What is cobalt? Cobalt is an essential trace element. Cobalt is a constituent of vitamin B12 (cobalamin).
AdvertisementsIts deficiency, essentially the insufficiency of vitamin B12, can cause several disease symptoms, including pernicious anemia, hyperhomocysteinemia, neuropsychiatric manifestations and goiter. The Co atom in cobalamin is attached and surrounded to a deoxyadenosyl group, methyl group, and a cyano group or hydroxyl group.
Cobalt in foodCobalt as cobalamin is essential for several body functions. Co in its salt forms as Cobalt chloride (CoCl2), nitrate (Co(NO3)2), carbonate (CoCO3) or sulfate (CoSO4) is required for vitamin B12 (cobalamin) synthesis by bacteria. The cobalamin synthesis by bacteria actively takes place in the rumen of ruminants. In other non-ruminant herbivores and humans, cobalamin is synthesized by bacteria in the colon.
Cobalt benefits and functions
- Cobalt is essential for normal thyroid function.
- It is found to be essential for the normal development of child's body and the function of the cardiovascular system.
- It influences DNA synthesis.
- Co stimulates erythrocytes production.
- Co influences maturation of erythroid stem cells and haemoglobin synthesis.
- It helps with repair of the myelin sheath.
Cobalt and physical developmentAnalysis of hair cobalt content, pointed towards high incidence of its deficiency (89%) in elementary school children of the Republic of Tatarstan. Svyatova NV et al. in their 2013 study found that there was significant correlations between physical development and cardiovascular system with hair Co content. They concluded that, "positive balance of cobalt is essential for normal growth and development of child's body and function of the cardiovascular system."
The role of cobalt in iron-deficiency anemiaMaria Georgieva Angelova et al. on their study on iron-deficiency anemia (IDA) found that the cobalt mean serum concentration were significantly lower in children with IDA than healthy controls. Co plays an important role in the processes of erythropoiesis by stimulating erythrocytes production by activation of the transcription factor hypoxia-inducible factor 1α (HIF-1α).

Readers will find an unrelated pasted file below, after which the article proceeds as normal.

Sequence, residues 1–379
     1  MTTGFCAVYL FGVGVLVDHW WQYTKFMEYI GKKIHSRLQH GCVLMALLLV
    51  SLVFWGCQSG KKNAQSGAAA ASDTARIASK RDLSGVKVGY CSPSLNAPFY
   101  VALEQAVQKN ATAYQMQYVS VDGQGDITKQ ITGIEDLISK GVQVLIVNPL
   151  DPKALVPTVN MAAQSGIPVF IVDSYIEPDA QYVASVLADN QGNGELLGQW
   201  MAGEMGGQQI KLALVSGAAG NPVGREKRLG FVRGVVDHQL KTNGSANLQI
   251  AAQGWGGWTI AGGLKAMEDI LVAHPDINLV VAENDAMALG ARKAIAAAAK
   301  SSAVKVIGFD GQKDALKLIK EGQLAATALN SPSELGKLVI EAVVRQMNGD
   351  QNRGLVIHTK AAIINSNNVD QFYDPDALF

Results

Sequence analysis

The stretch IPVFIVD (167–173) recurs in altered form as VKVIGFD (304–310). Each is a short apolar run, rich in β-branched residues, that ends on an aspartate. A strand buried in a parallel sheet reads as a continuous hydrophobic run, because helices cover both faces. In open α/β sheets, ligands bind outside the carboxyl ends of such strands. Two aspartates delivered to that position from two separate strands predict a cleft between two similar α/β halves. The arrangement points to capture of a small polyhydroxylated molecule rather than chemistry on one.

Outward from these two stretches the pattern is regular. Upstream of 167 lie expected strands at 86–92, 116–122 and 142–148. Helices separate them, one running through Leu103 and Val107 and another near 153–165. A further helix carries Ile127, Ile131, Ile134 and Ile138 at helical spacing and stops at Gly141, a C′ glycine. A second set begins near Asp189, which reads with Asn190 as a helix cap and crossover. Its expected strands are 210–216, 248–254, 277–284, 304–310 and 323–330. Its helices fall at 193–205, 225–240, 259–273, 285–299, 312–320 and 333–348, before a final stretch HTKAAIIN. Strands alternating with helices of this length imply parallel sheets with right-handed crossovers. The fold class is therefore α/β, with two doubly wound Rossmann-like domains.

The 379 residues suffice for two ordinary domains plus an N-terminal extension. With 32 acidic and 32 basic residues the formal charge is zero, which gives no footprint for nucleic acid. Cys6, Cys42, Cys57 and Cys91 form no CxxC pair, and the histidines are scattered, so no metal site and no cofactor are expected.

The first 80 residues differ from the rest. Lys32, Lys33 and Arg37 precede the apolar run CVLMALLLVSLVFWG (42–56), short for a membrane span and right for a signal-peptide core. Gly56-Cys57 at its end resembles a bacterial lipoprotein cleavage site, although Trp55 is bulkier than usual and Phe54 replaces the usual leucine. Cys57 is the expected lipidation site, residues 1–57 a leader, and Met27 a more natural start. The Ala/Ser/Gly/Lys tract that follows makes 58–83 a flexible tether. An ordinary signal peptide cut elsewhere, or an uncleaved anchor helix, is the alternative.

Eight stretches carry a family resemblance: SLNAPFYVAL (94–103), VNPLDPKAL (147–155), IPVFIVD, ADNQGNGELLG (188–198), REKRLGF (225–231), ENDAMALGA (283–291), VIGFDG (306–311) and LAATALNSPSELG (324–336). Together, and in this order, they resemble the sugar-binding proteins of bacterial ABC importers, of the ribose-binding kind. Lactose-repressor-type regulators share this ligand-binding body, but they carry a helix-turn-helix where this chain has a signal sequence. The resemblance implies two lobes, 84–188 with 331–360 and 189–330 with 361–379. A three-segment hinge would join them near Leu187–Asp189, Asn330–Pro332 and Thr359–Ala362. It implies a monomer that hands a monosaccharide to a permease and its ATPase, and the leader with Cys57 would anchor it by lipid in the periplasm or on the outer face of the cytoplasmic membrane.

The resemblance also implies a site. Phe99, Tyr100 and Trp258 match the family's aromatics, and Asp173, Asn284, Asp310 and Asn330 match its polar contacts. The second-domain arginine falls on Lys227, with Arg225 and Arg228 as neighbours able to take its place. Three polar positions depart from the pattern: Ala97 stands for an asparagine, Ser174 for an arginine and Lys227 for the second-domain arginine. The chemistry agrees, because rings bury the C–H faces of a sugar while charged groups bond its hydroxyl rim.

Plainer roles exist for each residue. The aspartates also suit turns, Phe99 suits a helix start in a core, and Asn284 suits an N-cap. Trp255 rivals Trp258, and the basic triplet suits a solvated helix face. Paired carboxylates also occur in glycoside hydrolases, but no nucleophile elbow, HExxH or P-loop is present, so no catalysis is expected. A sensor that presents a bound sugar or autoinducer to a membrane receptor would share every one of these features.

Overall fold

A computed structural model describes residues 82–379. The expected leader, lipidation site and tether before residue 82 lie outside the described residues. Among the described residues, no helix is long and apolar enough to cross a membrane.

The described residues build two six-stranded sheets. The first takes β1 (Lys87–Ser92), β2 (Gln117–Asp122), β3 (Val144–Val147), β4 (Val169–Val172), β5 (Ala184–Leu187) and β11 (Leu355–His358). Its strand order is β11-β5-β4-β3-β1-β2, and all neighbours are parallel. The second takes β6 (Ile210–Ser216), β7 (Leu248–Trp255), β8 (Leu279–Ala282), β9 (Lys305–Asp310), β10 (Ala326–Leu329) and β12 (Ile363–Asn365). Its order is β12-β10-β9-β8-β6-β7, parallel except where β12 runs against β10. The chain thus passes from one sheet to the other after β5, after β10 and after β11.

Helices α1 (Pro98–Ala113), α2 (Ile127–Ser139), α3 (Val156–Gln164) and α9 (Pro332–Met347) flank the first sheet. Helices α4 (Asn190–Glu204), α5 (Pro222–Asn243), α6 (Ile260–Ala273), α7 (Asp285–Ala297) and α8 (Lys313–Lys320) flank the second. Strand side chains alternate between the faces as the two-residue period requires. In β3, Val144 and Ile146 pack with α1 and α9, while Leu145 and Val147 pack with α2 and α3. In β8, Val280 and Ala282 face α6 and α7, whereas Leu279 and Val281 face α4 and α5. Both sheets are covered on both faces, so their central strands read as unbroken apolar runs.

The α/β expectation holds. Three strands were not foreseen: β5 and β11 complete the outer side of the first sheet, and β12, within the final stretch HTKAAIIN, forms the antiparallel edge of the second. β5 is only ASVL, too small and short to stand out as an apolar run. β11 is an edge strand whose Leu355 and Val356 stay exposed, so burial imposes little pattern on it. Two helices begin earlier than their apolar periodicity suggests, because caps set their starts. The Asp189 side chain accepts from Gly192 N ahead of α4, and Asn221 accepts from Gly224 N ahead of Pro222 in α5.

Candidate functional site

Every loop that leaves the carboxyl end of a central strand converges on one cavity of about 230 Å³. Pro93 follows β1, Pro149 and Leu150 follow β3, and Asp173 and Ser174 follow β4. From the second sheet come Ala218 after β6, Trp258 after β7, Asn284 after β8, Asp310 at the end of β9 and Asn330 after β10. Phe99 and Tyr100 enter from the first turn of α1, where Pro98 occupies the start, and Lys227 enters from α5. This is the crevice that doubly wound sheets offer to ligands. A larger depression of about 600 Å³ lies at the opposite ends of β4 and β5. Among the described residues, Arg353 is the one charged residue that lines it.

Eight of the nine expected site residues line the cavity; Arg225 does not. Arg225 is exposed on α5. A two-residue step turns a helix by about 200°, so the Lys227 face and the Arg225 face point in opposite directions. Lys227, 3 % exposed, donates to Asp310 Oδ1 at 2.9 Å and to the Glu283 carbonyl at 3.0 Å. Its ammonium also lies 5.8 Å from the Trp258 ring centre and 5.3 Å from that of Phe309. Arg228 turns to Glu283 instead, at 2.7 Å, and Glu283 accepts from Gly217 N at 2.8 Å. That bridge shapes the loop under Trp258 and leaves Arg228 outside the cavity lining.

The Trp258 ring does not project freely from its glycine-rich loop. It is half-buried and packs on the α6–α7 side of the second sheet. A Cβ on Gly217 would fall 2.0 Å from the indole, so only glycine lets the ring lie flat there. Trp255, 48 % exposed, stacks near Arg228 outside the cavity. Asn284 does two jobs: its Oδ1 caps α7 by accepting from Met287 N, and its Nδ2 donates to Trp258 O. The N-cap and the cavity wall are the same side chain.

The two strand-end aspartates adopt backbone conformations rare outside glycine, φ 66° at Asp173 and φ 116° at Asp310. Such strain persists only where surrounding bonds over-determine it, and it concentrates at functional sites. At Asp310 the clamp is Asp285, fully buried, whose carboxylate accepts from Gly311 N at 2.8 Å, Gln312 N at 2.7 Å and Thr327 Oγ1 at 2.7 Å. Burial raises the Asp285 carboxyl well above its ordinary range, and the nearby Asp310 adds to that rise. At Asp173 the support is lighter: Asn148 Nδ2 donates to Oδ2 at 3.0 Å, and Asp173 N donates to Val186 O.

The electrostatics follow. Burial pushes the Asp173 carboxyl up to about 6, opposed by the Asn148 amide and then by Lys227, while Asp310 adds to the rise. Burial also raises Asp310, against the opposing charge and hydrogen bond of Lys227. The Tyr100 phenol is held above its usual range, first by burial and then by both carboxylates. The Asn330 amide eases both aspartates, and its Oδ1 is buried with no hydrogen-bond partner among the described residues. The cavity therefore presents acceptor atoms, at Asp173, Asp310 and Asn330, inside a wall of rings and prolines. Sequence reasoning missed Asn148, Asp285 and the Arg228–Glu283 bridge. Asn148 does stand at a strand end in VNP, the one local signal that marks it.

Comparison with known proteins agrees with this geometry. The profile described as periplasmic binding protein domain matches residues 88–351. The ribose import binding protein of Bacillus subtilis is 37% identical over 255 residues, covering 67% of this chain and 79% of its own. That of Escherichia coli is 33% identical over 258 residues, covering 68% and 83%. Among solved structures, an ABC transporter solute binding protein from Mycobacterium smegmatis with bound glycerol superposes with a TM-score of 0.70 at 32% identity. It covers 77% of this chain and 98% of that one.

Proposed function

Cobalt deficiency causesA cobalt insufficiency is ultimately also a vitamin B12 insufficiency. Co inadequacy arises due to several causes. Poor dietary intake of vitamin B12, malabsorption, severe malnutrition, protein energy malnutrition, vegan lifestyle, certain intestinal disorders and certain medications can cause the inadequacy of this nutrient.
Cobalt deficiency symptomsCobalamin insufficiency can give rise to severe symptoms and cause irreversible damage to the brain and nervous system. Low levels of vitamin B12 in the blood serum can give rise to symptoms like glossitis, fatigue, depression and poor memory. As the conditions progresses, symptoms like polyneuropathy, cognitive deficits, reduced immune function, pernicious anemia and hyperhomocisteinemia will appear.
Cobalt deficiency and goiterThe study conducted by Mojgan Sanjari et al. in 2014 on endemic goiter in the city of Herman (Iran), established that apart from iodine, the endemic Cobalt deficiency had lead to symptoms of goiter in school-aged children. Even decades after iodine deficiency control program was initiated in 1989 by iodizing salt, the incidence of goiter has remained an endemic condition in most parts of Iran. Studies revealed that goitrous children when compared to non-goitrous children, had lower serum Co levels. The authors concluded that, "Cobalt deficiency may be an important independent predictor for goiter in endemic regions, especially areas in which goiters persist despite salt iodization programs." The cobalt deficiency and its symptoms are treated by vitamin B12 replacement therapy.
1.Sanjari M, Gholamhoseinian A, Nakhaee A. The Association between Cobalt Deficiency and Endemic Goiter in School-Aged Children. Endocrinol Metab (Seoul). 2014 Sep;29(3):307-11.
2.Svyatova NV, Sitdikov FG, Egerev ES. Effect of cobalt on parameters of the cardiovascular system in elementary school children. Bull Exp Biol Med. 2013 Jul;155(3):312-3.
3.Maria Georgieva Angelova, Tsvetelina Valentinova Petkova-Marinova, Maksym Vladimirovich Pogorielov, Andrii Nikolaevich Loboda, Vania Nedkova Nedkova-Kolarova, Atanaska Naumova Bozhinova. Trace Element Status (Iron, Zinc, Copper, Chromium, Cobalt, and Nickel) in Iron-Deficiency Anaemia of Children under 3 Years. Anemia. 2014; 2014: 718089.